Future research in the context of the lecture-oriented service-learning framework could go in-depth on the cycle of experiential learning [21] that serves as a foundation of service learning. We may begin to explore the relation between the framework factors and each step in the Kolb framework, in order identify success factors and bottlenecks.
We would like to sensitize readers to the crucial result that experiential learning according to Kolb [21], which essentially takes place among lecturers, students and partners and which forms the center of our framework, is crucially dependent on personal and organizational influencing factors.

5.2. Limitation and Conclusion

Our contributions have to be seen in the light of the shortcomings of our research. We focused on a qualitative approach that has limitations in the area of generalizability and intersubjective interpretation of results. Future research can open up additional data sources, for example through participatory observations or focus group discussions, and can and benefit from mixed method research. We also call for further research on validating the proposed framework.
In addition, we argue that at the abstract level, our framework (see Figure 1) may be applicable in various educational and cultural settings. However, this claim needs to be scrutinized. The framework conditions may be different in high school rather than higher education settings [96,126]. For example, the level of complexity of service learning projects, and liability questions for underage education shape the implementation of service learning. With our sample we cannot cover the variety of lecturers’ knowledge cultures, as they can be socialized in e.g., natural sciences, humanities or arts. By focusing on social science and business, we do not differentiate between subject conditions or disciplines.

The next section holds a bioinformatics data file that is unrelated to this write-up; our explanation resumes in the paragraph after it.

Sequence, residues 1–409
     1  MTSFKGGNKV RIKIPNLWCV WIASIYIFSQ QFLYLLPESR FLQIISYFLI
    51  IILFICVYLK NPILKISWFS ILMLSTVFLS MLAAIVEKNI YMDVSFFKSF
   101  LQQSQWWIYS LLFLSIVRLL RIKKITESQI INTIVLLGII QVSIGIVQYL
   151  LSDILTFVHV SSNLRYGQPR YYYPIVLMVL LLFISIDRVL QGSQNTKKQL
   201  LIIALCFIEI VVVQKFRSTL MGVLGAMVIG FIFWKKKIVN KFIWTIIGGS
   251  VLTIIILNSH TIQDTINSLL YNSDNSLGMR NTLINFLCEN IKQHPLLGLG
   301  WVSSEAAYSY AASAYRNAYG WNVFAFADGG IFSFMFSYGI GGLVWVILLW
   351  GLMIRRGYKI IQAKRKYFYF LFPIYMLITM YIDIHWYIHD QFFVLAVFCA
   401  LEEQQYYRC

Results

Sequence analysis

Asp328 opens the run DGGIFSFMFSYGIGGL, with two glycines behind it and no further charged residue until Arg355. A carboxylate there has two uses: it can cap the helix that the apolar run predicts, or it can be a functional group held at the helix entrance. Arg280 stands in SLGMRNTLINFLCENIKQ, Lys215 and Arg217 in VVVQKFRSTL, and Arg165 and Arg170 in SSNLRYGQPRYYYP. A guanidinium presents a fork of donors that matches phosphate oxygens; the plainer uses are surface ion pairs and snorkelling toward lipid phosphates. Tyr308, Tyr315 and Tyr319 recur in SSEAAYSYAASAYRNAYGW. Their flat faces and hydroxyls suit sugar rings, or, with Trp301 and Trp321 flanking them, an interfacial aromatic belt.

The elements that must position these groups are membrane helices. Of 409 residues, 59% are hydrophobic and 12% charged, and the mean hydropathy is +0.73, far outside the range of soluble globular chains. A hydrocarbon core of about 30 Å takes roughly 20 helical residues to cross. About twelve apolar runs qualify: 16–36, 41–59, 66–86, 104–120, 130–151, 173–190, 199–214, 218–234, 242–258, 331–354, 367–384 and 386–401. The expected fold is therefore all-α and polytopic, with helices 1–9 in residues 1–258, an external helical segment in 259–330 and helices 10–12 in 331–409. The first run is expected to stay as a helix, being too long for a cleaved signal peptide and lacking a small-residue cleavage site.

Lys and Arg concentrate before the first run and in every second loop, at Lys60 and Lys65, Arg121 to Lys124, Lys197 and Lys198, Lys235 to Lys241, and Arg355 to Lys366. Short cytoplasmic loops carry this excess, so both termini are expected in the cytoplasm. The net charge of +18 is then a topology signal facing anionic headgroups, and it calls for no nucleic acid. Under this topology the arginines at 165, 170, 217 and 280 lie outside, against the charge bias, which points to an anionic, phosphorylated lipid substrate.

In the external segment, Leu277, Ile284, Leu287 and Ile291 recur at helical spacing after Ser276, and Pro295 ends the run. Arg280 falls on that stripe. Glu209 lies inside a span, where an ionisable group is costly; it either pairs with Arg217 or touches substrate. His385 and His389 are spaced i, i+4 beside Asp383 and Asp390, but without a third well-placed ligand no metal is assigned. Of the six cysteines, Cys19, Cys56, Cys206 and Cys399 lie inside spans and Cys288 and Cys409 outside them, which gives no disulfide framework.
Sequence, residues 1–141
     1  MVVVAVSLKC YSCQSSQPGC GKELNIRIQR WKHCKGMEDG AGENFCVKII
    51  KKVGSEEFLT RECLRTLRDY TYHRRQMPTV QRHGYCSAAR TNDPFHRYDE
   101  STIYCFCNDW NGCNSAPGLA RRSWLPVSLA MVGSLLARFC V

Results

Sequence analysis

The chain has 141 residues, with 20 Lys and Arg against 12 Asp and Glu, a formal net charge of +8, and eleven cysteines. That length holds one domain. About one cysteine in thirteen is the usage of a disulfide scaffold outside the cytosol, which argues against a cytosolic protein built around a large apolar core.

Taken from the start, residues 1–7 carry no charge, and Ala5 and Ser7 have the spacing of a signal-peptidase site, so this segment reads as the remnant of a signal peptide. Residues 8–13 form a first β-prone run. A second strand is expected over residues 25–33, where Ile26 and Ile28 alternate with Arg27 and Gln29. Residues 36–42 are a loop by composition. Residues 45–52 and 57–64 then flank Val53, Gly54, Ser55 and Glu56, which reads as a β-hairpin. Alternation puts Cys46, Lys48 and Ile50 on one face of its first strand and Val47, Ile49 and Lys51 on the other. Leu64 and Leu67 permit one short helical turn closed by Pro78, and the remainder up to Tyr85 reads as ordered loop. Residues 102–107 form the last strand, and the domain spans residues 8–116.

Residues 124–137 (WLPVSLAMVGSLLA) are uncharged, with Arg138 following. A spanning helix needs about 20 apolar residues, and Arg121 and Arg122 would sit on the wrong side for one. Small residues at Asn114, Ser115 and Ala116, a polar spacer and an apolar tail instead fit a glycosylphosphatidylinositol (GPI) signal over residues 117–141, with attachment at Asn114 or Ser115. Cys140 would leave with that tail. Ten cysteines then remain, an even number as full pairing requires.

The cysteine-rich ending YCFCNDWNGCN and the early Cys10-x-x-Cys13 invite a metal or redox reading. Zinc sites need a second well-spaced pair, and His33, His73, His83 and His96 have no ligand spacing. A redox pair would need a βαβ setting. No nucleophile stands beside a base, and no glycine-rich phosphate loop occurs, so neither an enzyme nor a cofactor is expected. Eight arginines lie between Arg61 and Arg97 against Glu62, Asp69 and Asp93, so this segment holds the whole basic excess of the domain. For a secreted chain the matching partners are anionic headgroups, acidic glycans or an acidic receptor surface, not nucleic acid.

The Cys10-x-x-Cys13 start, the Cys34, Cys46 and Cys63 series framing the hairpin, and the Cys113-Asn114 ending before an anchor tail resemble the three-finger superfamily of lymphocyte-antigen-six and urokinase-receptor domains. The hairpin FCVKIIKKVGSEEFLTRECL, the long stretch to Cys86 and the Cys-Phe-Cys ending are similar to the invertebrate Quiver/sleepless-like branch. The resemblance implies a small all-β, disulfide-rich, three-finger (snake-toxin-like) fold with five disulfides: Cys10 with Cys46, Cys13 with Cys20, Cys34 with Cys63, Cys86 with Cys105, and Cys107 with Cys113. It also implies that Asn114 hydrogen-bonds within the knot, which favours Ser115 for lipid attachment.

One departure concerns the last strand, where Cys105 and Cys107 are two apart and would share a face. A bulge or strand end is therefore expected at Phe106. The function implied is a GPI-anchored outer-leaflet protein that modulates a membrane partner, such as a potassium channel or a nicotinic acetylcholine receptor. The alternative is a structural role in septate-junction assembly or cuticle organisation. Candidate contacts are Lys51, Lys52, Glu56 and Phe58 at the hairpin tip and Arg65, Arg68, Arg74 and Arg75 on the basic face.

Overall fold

Also, cultural settings matter. Our research was set in the German-speaking higher education sector. Here, community service, integration of practice partners and service learning itself have much less of a tradition than in North America and must continue to gain acceptance. This mainly puts pressure on the intrinsically motivated lecturers, who sometimes carry out service learning in the face of internal resistance. Accordingly, it is difficult to obtain an appropriate curricular anchorage. As far as Butin [127] (p. 474) is concerned, the following applies in particular to German-speaking countries: ‘Service-learning is all too often positioned as a co-curricular practice, funded through “soft” short-term grants, and viewed by faculty as “just” an atheoretical (and time consuming) pedagogy that may be detrimental for traditional tenure and promotion committees to take seriously’.
It has to be considered, however, that the factors and issues carved out should not directly be transferred to other cultural areas. While we were able to derive important information for drawing a comprehensive picture for the German-speaking teaching and learning environment, cultural, political, and societal specifics of, for example, African or Asian countries remain unconsidered. This could be central for further research.